Gaiman is in London promoting his new novel Stardust. He moved to America some years ago. ("I said to my wife, `If you can find me an Addams family house, I'll give it a try'"). But he misses England. With his Russian- Polish-German-Jewish background he feels European. Dressed in black leather jacket and jeans, and with his slight American inflection, he seems boyish and not at all like someone who spends his creative life among mad morticians and fairy folk. "Fun" is a word he uses a lot.

As a youth Gaiman read everything he could lay his hands on. But there was something special about comics and the possibilities of the medium. He kicked off with the Beano, the Dandy, Hotspur. "And girls' comics too." What, like Bunty? Gaiman nods. "Yes, Bunty. Those horrible, wonderful tales of cruelty. Awful things always happened to girls. Boys' comics are full of `will he find the magic football boots and against all the odds win the game?' But with the girls it begins: `I have a secret pony.' When you go to find that secret pony it's just been killed or kidnapped. Girls go home and they have wicked step-parents and a little sister who lives in the chimney."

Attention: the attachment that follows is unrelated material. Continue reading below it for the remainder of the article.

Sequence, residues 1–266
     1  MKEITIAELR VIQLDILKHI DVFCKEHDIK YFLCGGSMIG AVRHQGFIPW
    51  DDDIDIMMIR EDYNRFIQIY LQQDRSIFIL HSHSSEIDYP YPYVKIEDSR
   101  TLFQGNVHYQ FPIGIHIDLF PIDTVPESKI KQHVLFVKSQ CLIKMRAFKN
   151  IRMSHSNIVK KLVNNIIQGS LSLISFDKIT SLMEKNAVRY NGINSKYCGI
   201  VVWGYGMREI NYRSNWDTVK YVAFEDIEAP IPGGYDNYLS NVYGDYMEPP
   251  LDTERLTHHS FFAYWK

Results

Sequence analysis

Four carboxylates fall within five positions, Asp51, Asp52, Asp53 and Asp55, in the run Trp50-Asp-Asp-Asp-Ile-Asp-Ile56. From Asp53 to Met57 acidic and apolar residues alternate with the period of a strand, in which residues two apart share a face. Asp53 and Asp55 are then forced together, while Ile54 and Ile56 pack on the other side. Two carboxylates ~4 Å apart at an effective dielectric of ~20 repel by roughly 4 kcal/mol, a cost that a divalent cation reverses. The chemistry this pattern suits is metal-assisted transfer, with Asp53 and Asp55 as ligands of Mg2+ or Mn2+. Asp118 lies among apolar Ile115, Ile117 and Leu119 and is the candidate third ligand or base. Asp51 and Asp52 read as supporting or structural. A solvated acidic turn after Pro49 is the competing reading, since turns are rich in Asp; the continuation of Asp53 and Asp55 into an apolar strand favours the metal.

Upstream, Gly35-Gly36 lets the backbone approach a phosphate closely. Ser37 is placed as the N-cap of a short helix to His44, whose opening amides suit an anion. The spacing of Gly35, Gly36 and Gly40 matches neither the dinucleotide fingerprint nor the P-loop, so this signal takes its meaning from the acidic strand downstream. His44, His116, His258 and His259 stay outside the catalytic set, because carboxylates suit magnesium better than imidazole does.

Adult comics started getting serious in the 1970s. "In France they had a bunch of cool people like Moebius. I remember going over on a school French exchange and picking up Metal Hurlant - the first great French comic magazine aimed at adults. I read it with my limited French and assumed that because the art was so good, the stories would be too. It wasn't until later I realised the stories were terrible - word balloons saying things like `I've done too much drugs' The stories I imagined were much better."